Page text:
If you are not granted protective order, there are still some things you can do to stay safe. It might be a good idea to contact one of the domestic violence resource centers in your area to get help, support, and advice on how to stay safe. They can help you develop a safety plan and help connect you with the resources you need. For safety planning help, ideas, and information, go to our Staying Safe page. You will find a list of Iowa resources on our Where to Find Help page.
If you were not granted protective order because your relationship with the abuser does not qualify, you may be able to seek protection through a criminal no contact order. See What if I don't qualify for a protective order?
You may also be able to reapply for a protective order if a new incident of domestic abuse occurs after you are denied the order. If you believe the judge made an error of law, you can talk to a lawyer about the possibility of an appeal. Here is basic information on Filing Appeals. Generally, appeals are complicated and you will most likely need the help of a lawyer.
Violating a protective order is against the law. There are two ways to get help if the abuser violates the protective order.
Through the Police or Sheriff (Criminal)
If the abuser violates the protective order, you can call 911 even if you think it is a minor violation. In some cases, the abuser can be arrested right away. Tell the officers you have a protective order and the abuser is violating it. The abuser can be arrested and prosecuted for the crime of violating the order in addition to any crimes s/he committed while violating it (such as assault, stalking, etc.)
It is a good idea to write down the name of the responding officer(s) and their badge number in case you want to follow up on your case. You may want to make sure a police report is filled out, even if no arrest is made. If you have legal documentation of all violations of the order, it may help you have the order extended or modified in the future.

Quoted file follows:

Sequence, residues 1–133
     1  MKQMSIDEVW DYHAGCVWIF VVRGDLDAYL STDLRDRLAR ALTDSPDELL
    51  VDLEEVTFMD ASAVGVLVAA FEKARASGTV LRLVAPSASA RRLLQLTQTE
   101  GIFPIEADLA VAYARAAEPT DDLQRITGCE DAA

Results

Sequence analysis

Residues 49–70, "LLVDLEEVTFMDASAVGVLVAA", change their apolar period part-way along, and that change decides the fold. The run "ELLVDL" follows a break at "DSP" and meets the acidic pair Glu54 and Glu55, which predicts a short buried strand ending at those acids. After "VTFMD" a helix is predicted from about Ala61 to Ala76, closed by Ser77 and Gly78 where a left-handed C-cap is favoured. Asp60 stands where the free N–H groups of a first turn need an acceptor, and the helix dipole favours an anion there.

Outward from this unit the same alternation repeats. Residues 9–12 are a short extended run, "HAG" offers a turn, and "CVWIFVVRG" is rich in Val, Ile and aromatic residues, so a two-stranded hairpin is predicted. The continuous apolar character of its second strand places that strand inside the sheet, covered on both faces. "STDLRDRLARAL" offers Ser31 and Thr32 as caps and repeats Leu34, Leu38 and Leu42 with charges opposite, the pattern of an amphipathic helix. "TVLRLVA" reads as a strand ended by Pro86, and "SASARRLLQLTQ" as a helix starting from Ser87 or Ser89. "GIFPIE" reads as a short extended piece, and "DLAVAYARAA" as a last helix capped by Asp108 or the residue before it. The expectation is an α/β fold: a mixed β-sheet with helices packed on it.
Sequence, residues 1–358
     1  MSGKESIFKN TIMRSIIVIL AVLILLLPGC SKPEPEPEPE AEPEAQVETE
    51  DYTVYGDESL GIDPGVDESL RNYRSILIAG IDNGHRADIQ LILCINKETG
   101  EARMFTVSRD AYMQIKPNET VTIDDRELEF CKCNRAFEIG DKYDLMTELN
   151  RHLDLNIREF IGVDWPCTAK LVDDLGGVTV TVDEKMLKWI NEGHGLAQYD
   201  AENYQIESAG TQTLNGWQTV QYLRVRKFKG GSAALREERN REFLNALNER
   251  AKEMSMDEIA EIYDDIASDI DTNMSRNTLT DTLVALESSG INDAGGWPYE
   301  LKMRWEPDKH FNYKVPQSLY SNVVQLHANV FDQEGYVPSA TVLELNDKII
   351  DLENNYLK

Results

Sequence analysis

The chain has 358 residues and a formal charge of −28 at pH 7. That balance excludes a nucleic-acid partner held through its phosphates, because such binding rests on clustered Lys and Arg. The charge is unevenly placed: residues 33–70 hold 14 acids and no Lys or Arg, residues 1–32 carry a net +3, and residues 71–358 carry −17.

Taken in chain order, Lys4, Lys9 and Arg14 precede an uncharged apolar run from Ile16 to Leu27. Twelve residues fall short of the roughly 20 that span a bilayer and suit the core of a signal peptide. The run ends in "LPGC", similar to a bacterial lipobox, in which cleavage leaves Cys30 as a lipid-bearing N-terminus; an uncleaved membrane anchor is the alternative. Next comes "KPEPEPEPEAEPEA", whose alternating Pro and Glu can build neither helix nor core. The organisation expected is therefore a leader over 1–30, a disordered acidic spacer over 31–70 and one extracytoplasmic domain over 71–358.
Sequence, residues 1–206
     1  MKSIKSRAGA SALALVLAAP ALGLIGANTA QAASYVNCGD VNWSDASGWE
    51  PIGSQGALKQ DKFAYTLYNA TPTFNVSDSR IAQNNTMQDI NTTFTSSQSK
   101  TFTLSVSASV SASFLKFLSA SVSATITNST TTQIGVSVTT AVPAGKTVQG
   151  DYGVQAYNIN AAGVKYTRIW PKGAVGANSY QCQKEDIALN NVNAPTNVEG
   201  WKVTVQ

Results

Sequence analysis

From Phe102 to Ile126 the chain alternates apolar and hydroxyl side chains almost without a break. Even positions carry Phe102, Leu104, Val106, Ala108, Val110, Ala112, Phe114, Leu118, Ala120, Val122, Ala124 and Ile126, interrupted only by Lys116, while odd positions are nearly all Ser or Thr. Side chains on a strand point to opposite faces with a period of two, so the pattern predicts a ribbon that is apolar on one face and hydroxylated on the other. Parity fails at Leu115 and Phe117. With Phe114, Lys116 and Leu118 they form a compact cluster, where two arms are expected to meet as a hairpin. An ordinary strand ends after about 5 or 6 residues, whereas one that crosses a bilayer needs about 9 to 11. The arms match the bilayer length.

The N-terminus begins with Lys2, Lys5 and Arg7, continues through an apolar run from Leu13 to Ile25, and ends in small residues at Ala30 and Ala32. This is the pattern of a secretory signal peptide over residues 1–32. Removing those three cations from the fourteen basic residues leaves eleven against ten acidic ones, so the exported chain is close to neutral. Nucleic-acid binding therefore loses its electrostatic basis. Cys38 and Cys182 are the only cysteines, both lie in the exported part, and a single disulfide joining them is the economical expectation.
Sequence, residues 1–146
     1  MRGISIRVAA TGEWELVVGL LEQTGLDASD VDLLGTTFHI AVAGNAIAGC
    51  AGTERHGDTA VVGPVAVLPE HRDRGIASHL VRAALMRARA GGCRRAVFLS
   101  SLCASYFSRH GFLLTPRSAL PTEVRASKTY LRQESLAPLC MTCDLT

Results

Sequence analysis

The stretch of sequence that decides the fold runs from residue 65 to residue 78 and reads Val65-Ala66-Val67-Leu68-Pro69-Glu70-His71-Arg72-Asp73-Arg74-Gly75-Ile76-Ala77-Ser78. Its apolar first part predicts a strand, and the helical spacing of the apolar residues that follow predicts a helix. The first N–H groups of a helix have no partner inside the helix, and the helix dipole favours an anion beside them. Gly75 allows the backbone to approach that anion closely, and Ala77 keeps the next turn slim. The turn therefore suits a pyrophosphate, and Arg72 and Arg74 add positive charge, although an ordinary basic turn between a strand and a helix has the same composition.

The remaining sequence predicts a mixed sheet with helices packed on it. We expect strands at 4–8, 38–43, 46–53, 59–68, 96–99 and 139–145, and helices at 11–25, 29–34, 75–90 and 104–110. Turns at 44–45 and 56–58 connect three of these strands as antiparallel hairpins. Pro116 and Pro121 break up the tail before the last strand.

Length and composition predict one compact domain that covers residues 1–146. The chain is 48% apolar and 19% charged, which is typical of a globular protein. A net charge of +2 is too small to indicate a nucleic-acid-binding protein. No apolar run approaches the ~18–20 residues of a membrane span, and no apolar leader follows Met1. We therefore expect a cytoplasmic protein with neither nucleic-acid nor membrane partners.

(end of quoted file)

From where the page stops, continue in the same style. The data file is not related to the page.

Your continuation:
Through the Civil Court System (Civil)
You may file for civil contempt in the court that issued the order if the abuser violates the order in any way. To file for civil contempt, go to the clerk's office and tell him/her you want to start contempt proceedings against the abuser. You will have to fill out some forms, which the court clerk will give you. You will also have to attend a court hearing to prove that the abuser violated the order.
To modify your order, go back to the court where you got it and file a petition with the clerk. Only a judge can modify or terminate a protective order. The court may be less willing to offer you its protection in the future if you have an order dismissed.
A judge may extend your order by granting a renewal for up to one year. You may have it renewed more than once. You must fill out the "Request to Cancel or Change a Chapter 236 Protective Order” form. You must submit this form to the court before your first order expires. The IA court system has a booklet that discusses extending an order (click on the first link called "protect yourself from domestic violence.")
You will have to attend a short court hearing (which the abuser will also attend) where you must prove to the court that the abuser is still a threat to your safety.
Yes. In most states, a petitioner cannot "violate" his/her own order since the order puts limits on an abuser's behavior, not the victim's behavior. However, in Iowa, victims with protective orders can be held in contempt for "aiding and abetting" in the violation of their own protective orders. Basically, this means that if you have a no contact order or a stay away order and you decide to still talk to the abuser or see him/her, you can be charged with helping the abuser violate the order.
* See Henley v. Iowa District Court for Emmet County, 533 N.W. 2d 199 (1995).
If you move within Iowa, your order will still be valid and good. It is a good idea to call the clerk to change your address.
Additionally, the federal law provides what is called "Full Faith and Credit," which means that once you have a criminal or civil protective order, it follows you wherever you go, including U.S. Territories and tribal lands. Different states have different rules for enforcing out-of-state protection orders. You can find out about your state’s policies by contacting a domestic violence program, the clerk of courts, or the prosecutor (district attorney) in your area.
If you are moving out of state, you should call the domestic violence program in the state where you are going to find out how that state treats out-of-state orders. If you are moving to a new state, you may also call the National Center on Full Faith and Credit (1-800-903-0111) for information on enforcing your order there.
Note: Civil protective orders may not be enforceable on military bases, and military protective orders may not be enforceable off base. Please check with your local police department, court clerk, and/or domestic violence advocate for more details. Please see our Military Info page for more information.